The other day I had the pleasure of conversing with the extremely talented Dan O’Brien. He is an editor, writer, and publisher. Saturday, April 26, O’Brien will be a workshop leader and panelist at the WordFire creative writing conference, hosted by Butte College. Before O’Brien became the founder and editor-in-chief of Amalgam Publishing, he was a freelance editor and had written 15 novels before turning 30. At this year’s Wordfire conference, O’Brien will be speaking on self-publishing and his role as an editor.
Chloe Butcher (CB): Any one of your achievements could be considered a great life accomplishment, can you tell me about where all the inspiration and love of writing began?
Dan O’Brien (DOB): I always wanted to be a writer. When I was about six or seven, I wrote a play for my cousin. It had set pieces and a complete story with little characters on Popsicle sticks. For whatever reason, writing and storytelling has always been a part of me. I can’t imagine doing anything else.
CB: Some authors have trouble writing even one novel, what motivated and inspired you to write 15?
DOB: For a lot of writers, even those who struggle to finish one, having plenty of ideas is not the problem. I have a very disciplined approach to writing and I often work on another book when I get blocked on any particular story. I am putting out several more this year. I just love to write.
CB: In all the different jobs that you’e held, is there a role you feel more comfortable in or like more than others?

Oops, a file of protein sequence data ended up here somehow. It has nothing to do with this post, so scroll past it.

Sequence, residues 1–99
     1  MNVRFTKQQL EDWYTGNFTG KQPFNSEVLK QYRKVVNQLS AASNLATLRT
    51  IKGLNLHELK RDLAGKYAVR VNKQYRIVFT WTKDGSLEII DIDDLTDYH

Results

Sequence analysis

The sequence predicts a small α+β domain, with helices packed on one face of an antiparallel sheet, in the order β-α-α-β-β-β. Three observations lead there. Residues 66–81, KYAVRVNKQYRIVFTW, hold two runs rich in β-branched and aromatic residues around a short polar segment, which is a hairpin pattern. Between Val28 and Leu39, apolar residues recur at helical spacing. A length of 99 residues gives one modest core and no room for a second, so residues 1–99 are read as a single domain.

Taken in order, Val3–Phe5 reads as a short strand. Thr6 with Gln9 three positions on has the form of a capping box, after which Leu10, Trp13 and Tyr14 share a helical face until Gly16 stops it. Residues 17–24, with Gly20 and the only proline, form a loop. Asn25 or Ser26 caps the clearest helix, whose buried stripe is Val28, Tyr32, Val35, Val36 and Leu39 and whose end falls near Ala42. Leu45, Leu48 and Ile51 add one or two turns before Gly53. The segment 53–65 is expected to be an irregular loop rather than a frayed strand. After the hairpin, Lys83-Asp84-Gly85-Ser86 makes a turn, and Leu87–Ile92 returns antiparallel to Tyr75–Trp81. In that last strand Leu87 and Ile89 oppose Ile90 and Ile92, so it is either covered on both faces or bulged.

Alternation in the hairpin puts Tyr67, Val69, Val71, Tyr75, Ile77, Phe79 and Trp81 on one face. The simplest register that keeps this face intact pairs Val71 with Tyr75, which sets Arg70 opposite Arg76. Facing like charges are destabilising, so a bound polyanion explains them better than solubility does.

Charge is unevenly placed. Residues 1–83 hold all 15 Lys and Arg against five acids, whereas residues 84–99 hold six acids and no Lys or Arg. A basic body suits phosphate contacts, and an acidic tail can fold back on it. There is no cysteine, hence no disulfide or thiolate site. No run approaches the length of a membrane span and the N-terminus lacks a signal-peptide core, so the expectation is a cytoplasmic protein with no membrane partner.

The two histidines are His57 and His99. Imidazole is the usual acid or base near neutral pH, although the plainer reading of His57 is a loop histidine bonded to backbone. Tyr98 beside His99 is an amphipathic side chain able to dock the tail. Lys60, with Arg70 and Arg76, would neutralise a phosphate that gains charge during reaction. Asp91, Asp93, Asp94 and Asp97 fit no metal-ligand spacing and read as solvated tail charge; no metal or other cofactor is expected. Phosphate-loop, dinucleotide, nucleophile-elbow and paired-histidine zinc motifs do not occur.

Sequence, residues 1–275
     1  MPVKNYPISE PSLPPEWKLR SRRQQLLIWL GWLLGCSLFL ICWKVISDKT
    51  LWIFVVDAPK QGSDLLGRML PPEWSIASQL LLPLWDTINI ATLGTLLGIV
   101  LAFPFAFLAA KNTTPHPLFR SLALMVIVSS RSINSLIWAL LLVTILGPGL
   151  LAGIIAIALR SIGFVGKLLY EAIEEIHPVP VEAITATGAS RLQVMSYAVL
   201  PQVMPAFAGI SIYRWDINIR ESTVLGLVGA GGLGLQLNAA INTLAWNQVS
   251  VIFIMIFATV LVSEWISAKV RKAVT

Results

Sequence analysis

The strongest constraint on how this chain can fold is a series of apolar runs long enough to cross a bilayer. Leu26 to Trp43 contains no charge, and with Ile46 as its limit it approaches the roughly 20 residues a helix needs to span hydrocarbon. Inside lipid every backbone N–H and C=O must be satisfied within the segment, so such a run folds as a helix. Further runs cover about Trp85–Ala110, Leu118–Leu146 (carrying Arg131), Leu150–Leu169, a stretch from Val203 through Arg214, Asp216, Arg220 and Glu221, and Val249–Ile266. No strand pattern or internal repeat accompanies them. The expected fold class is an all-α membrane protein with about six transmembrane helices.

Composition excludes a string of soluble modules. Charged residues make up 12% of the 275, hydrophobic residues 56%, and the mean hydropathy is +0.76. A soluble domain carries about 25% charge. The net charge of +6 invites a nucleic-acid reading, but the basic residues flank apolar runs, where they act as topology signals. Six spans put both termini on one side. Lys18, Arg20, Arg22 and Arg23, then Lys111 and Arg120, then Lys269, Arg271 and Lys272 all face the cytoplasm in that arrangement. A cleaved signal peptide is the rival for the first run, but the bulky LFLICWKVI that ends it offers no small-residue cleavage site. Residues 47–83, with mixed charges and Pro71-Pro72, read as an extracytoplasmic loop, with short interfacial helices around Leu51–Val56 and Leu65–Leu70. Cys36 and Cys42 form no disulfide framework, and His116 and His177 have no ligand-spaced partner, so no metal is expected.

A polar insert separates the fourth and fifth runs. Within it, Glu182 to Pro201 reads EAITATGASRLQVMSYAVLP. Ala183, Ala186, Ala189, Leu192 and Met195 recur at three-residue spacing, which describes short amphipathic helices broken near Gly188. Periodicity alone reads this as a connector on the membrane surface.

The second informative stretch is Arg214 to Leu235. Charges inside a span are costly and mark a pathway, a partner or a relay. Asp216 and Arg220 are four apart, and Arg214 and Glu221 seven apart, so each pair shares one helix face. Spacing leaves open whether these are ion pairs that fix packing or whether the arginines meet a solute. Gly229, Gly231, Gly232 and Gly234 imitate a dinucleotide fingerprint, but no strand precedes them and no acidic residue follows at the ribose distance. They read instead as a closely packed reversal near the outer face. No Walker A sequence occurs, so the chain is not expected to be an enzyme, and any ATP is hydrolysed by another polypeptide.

DOB: In the end, I’m a writer. I love ghostwriting and editing, but helping others publish their work is a wonderful feeling. I started a northern California quarterly publication, so I get to help publish while still being an editor. We’re accepting submissions right (wink wink).
CB: What caused you to make the leap from writer to publisher?
DOB: The feeling of helping others publish is addictive. When I worked at Empirical, I realized how wonderful it was to be able to publish the work of others. It stuck, what can I say.
O’Brien’s “Self-Publishing” workshop will cover publishing your own book, marketing tips, and a Q&A on how to be effective at getting your book out there. To read up on the other workshops and presenters at this year’s WordFire conference, or to register, please visit: buttewordfire.org.
If you are interested in submitting fiction, nonfiction (both under 5000 words), or poetry to Amalgam Writers, please visit: www.amalgamconsulting.com.
Don’t forget to revisit The Haberdasher in the days leading up to the conference, as we profile more of this year’s presenters.
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